December 6, 2007 / 4:20 AM / 11 years ago

Ang Lee leads pack for Golden Horse awards

TAIPEI (Reuters) - Ang Lee’s steamy “Lust, Caution” is the odds-on favorite to clean up at the 2007 Taiwan Golden Horse Awards, the most coveted Chinese-language film prizes, in a year where China-Taiwan politics has played a controversial role.

Director of the movie Ang Lee (C) poses with cast members Tang Wei (L) and Wang Leehom at the premiere of "Lust, Caution" at the Academy of Motion Picture Arts and Sciences in Beverly Hills, California, October 3, 2007. REUTERS/Mario Anzuoni

Despite a low profile in the West, the Golden Horse is a star-studded occasion, with top talent from Taiwan, Hong Kong and China turning out each year for the red-carpet event in Taipei.

Lee’s movie, his most prominent Chinese-language film since “Crouching Tiger, Hidden Dragon,” has been nominated for 12 awards, including best film and best director, at a ceremony set for Saturday in his native Taiwan.

The movie, which won the Golden Lion at the Venice film festival, is competing for best film with three lesser known titles. “The Home Song Stories,” about a Hong Kong nightclub singer who emigrates to Australia, “Getting Home,” about a Chinese migrant worker returning home after a sudden death, and “what on earth have i done wrong?!,” a political comedy.

“Lust” has the advantage of far more publicity than any of its rivals, having screened for several months in Taiwan, said Lee Yun-fen of the Chinese Taipei Film Archive.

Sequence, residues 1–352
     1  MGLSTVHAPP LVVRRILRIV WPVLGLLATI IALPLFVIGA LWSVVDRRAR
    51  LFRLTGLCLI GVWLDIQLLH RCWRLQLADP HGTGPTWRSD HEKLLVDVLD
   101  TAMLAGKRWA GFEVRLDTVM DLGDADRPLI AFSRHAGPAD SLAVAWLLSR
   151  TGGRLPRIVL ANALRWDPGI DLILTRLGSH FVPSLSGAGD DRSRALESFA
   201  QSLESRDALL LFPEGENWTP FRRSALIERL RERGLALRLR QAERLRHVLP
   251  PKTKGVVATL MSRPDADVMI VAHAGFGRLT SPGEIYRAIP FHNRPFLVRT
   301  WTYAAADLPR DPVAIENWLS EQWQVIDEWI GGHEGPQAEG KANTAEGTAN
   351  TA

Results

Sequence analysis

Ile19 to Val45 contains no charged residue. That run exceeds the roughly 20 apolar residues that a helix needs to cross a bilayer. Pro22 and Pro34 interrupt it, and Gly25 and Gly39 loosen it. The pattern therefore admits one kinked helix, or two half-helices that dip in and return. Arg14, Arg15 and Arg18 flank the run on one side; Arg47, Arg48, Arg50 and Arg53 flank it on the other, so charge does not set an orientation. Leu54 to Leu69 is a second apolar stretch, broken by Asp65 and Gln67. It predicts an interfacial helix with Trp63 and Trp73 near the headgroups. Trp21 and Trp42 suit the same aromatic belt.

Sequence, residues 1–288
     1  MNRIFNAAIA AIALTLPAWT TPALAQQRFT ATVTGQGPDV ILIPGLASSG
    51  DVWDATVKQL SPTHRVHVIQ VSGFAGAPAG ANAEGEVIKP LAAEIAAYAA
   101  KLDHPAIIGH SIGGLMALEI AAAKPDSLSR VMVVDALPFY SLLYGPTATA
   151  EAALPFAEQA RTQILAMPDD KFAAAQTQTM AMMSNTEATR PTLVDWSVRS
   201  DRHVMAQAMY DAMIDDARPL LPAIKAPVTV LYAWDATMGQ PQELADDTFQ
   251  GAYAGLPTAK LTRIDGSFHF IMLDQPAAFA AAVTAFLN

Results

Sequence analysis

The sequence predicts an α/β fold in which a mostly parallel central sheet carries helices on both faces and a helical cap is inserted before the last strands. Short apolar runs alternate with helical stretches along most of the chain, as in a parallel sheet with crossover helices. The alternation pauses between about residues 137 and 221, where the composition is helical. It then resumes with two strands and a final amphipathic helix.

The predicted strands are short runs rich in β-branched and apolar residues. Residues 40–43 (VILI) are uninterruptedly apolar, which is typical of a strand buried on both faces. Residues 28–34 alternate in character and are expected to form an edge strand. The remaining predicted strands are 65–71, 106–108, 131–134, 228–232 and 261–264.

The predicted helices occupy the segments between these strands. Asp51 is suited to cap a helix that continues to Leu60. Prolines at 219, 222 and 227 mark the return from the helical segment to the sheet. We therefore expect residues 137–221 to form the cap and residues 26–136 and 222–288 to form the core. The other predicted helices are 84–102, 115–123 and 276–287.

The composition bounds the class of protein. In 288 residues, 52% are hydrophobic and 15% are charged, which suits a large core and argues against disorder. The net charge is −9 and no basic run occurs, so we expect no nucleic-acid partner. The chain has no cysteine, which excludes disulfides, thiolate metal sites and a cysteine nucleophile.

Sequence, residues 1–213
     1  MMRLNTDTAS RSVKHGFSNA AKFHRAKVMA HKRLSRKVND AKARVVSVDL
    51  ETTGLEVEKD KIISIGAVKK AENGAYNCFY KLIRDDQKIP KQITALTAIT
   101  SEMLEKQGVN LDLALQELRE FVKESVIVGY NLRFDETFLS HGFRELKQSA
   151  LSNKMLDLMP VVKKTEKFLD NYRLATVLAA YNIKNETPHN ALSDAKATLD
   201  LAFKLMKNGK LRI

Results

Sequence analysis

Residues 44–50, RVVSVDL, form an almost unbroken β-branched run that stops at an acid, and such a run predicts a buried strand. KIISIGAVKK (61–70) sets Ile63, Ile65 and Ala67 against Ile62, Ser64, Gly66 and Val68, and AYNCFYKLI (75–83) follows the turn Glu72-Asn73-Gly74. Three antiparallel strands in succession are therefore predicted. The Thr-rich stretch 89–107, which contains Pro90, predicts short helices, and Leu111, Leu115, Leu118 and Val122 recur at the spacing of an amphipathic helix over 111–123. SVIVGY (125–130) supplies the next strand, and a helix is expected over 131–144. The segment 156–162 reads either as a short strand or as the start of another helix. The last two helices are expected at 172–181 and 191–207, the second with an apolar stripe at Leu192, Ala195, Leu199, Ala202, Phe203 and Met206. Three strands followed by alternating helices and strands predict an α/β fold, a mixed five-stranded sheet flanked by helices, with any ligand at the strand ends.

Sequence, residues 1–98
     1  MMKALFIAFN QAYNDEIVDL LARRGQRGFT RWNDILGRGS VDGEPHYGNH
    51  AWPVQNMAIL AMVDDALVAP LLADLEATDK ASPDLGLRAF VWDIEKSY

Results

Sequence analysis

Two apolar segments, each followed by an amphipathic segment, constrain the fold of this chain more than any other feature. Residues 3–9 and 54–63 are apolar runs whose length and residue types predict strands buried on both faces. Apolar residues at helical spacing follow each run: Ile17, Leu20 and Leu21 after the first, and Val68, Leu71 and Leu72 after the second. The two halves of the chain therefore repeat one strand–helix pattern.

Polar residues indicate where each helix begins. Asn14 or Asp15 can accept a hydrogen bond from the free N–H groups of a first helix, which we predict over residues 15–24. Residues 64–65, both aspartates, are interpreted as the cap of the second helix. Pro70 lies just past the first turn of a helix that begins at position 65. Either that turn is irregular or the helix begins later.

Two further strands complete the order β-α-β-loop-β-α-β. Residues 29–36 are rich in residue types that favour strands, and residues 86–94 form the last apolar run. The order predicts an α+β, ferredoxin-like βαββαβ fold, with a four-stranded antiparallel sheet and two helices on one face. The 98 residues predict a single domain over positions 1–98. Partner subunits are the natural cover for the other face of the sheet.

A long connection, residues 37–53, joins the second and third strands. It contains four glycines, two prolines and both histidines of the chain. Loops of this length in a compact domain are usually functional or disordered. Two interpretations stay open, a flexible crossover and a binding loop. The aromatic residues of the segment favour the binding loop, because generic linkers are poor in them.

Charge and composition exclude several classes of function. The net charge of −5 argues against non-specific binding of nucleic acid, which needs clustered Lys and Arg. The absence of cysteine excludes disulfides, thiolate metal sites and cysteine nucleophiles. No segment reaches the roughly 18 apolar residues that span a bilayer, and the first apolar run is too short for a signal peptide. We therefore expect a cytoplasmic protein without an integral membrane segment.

“It should have pretty strong chances because so many people have seen it,” she said. “It’s very persuasive.”

The awards feature mostly films from Taiwan and Hong Kong. In addition to Lee, luminaries on this year’s list include Hong Kong film stars Tony Leung and Aaron Kwok, and China-born Joan Chen, who burst on to the movie scene in Bernardo Bertolucci’s “The Last Emperor” in 1987.

Taiwan pop star Jay Chou is also up for outstanding Taiwanese filmmaker of the year for his directorial debut “Secret.”

China, which has claimed sovereignty over self-ruled Taiwan since the end of the Chinese civil war in 1949, doesn’t allow its movies to compete, though co-productions between Chinese and foreign houses are allowed.

Despite the ban, two mainland films, “Tuya’s Marriage” and “Blind Mountain,” were submitted by film makers this year, only to be forced to withdraw later, creating a gap in the nominee list that had to be hastily filled.

“This is a question of their policy,” said a spokeswoman for the show. “‘Tuya’s Marriage’ was entered at the film company’s own request. In the end it was China that made them withdraw.”

Organizers said they were hopeful that mainland productions might be allowed to participate next year.

Cultural exchanges have increased across the Taiwan Strait in the last decade, but political relations have been icy during the seven-year tenure of President Chen Shui-bian, whose Democratic Progressive Party favors independence.

“Lust, Caution,” about a Chinese woman tasked with killing a Japanese collaborator in Shanghai during World War Two, has also been the subject of controversy, with some decrying it for being too long and others critical of its graphic sex scenes.

The film drew additional attention when China said it would cut some scenes before screening it there.

Reporting by Doug Young, editing by Nick Macfie and Miral Fahmy

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